I labored at home longer for The First Kid because I was only 1 cm earlier that afternoon. With my second labor, the midwives never checked dilation at any appointments, but I knew I had to leave ASAP once contractions were at regular intervals.

Both babies arrived the day after their due date.

Both labors were medication-free. I used some Hypnobabies concepts with both labors even though I personally think it’s a bit cheesy. I really enjoyed the practices in Mindful Birthing by Nancy Bardacke and highly recommend that book. It’s more evidence-based, less judgmental, and the skills can be used throughout the parenting experience. I need to go back and reread some sections!

I keep being reminded to expect my two children to be very different from each other, though it’s hard to imagine my second baby beyond what I know from my first. How are your two babies different so far?

The First Kid came out small and dainty and always falling asleep. The Second Kid came out sturdy and big and eager to eat. The First Kid was laid-back and The Second Kid is usually tense, but both happy. The First Kid was very observant and could entertain herself easily, interested in the smallest of details. The Second Kid (at least in this stage) seems to need a lot more stimulation. Thankfully, he loves watching his older sister as she runs around, dances, and gives him toys.

How did you prepare your first child for the arrival of your second? How has she adjusted to being a big sister? Are there any specific books/philosophies/etc. you relied on to help guide you through getting her prepared?

We talked about baby brother while I was pregnant and read the book “I Am a Big Sister” by Caroline Jayne Church, which I highly recommend. I’m not sure how much she understood, but she does mimic the girl in the book by helping. I also instituted “special time” with her while I was pregnant. We sing a song about special time, set a timer, and I spend 10 devoted and undivided minutes with her. Quality (attentive time) is over quantity (distracted time).

She’s loved and adored her baby brother since she met him. It was an adjustment (aka Tantrum City), of course, but she took her frustrations out on her dad and me for not giving her enough attention. She never acted resentful toward her baby brother. I’d say it took about 3 months for her to adjust. Now that she’s adjusted, she can truly be a big help to me at times even though she’s only two.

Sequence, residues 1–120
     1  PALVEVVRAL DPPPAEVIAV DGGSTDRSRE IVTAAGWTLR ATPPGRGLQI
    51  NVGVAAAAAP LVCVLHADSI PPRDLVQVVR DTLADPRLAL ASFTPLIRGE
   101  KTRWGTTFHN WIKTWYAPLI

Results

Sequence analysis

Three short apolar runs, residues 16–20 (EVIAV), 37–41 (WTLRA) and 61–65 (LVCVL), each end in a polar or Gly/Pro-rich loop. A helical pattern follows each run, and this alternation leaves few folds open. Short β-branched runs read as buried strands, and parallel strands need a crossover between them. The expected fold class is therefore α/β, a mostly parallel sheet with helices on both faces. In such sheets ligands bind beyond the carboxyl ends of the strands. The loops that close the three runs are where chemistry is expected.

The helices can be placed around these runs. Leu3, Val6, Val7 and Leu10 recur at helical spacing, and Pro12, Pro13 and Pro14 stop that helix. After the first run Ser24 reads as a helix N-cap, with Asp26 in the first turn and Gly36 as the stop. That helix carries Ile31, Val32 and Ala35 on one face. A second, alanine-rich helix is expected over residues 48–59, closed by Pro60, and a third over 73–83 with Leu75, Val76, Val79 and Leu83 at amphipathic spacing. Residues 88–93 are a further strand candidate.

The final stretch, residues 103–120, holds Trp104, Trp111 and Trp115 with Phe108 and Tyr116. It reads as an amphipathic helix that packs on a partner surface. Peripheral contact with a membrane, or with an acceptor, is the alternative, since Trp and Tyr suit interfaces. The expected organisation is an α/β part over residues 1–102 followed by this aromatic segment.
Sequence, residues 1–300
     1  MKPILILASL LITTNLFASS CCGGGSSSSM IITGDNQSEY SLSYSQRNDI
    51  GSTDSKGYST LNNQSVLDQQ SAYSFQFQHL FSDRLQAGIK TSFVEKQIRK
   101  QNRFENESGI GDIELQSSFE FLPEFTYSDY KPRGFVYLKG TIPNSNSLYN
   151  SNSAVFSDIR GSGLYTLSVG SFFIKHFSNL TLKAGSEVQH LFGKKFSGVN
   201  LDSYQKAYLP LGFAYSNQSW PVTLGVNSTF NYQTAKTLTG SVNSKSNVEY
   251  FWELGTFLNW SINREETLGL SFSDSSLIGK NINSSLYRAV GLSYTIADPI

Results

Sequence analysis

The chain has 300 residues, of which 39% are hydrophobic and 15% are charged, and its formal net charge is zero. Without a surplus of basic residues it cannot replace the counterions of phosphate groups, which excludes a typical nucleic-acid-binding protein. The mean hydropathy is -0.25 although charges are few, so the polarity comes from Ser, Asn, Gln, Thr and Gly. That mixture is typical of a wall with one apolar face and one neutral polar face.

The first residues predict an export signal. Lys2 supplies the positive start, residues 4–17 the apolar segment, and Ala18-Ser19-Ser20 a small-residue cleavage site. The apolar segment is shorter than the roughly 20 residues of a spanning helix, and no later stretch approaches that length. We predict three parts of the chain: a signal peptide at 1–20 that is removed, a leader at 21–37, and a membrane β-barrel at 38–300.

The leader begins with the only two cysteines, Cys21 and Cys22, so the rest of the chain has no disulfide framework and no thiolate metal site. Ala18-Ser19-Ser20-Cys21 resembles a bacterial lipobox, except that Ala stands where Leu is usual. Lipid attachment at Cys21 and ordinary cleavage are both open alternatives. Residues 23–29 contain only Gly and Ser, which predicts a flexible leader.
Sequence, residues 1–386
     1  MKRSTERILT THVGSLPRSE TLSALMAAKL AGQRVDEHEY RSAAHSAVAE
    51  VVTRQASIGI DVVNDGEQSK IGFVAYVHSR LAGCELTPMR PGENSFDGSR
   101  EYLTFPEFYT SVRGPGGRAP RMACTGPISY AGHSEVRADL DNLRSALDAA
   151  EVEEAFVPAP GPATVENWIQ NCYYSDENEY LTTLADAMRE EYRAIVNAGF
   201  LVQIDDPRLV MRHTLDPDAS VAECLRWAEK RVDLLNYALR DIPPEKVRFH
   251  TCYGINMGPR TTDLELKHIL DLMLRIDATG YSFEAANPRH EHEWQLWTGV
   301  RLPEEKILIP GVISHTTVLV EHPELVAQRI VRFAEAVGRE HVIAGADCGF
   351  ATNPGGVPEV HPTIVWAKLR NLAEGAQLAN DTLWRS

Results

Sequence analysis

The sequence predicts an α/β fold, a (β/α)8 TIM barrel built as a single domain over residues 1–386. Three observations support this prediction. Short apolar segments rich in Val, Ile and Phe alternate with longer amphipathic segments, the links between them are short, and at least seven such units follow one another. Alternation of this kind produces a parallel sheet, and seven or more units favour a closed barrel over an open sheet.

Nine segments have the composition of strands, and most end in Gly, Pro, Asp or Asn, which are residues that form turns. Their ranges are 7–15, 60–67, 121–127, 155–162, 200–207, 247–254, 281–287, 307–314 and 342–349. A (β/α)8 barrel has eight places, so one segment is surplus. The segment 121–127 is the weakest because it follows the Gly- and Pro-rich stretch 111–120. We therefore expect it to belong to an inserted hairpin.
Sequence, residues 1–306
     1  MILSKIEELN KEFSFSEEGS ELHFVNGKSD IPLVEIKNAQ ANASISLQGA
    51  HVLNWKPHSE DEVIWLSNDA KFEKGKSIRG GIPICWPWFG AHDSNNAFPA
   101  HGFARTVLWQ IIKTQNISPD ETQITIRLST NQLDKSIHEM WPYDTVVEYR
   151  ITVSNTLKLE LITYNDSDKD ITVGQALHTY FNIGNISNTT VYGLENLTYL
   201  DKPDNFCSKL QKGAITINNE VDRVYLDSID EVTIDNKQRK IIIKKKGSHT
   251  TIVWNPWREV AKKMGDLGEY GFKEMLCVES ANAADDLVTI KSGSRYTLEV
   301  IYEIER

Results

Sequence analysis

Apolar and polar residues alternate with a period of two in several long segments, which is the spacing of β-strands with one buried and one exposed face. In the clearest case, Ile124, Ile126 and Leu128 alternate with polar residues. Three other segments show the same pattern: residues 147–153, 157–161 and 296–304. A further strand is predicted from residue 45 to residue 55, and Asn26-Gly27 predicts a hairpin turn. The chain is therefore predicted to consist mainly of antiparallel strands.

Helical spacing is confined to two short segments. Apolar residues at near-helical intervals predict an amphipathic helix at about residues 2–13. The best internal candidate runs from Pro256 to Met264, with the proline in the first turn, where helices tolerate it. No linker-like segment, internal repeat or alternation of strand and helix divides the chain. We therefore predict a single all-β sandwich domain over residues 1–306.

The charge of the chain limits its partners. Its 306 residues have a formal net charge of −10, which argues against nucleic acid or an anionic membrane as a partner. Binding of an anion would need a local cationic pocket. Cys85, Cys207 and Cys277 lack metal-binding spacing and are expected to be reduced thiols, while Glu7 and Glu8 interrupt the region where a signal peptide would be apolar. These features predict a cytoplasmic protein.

Talk about the first few days/weeks of being a mom of two, in general. What was the hardest part? Was there anything that went easier than expected?

The hardest part was definitely not having the ability to be there for my little girl. There are moments when you have to choose which child to attend to first, and the crying baby usually takes priority. Thankfully, The First Kid encourages me to go help The Second Kid when he cries, but she forgets that means she can’t get what she wants right away!

Taking care of a baby in general has been easier this time because I knew what to expect. I’m no longer trying to follow every rule or sift through all the conflicting baby advice on the internet…there’s no time for that!

I had a really rough time getting started with breastfeeding the first time around. If you nursed both times (and are willing to share), what was it like starting again?

It was a cinch! I had some insecurities the first time around, which I think most women do, and a naturally petite baby, which our first pediatrician freaked me out. However, a year’s worth of practice with the first child makes a huge difference for the second. Now the real challenge is breastfeeding while doing other tasks, such as reading a book with The First Kid in my lap, pouring a glass of milk, or putting on a shoe!

How did you and your husband adjust to having two? 

In general, my husband watches the The First Kid and I’m in charge of The Second Kid, especially in the beginning when I was nursing non-stop. We had visitors the first several weeks who we could hand either kid off to, which was loads of help! Then we were forced to figure out how to handle both at the same time when my husband returned to work and I had occasional appointments I needed to attend. We’re still figuring it out!

In general, what advice that I may not have covered that you’d offer to parents expecting their second child?

Go easy on yourself. You won’t be able to do it perfectly, if there is such a thing. It’s okay to plop your toddler down in front of the TV to attend to the baby, or *gasp* get a moment to yourself. (My husband is constantly reminding me of this). Are they smelling a little ripe because you haven’t bathed them in awhile? They won’t remember! Did you just yell at your toddler for a stupid reason? Genuinely tell him you’re sorry and that you feel sad/mad right now, and hey it turns into a teaching moment! Even if you don’t muster up the apology, life goes on and you are a good mom. Some mood swings and bending the rules won’t change that.

Do what’s easiest. Opt for grocery delivery, Amazon Prime, carryout meals, a cleaning service, and any other convenience you can find. If you’re thrifty like me, tell yourself it’s just for this season. You’re in survival mode the first couple months, so only expend energy on the priorities.

And finally, picking your nutritionist/disordered eating expert brain, I wondered if you had any wisdom regarding self acceptance/body positivity for new moms and/or setting a good example of this for your kids.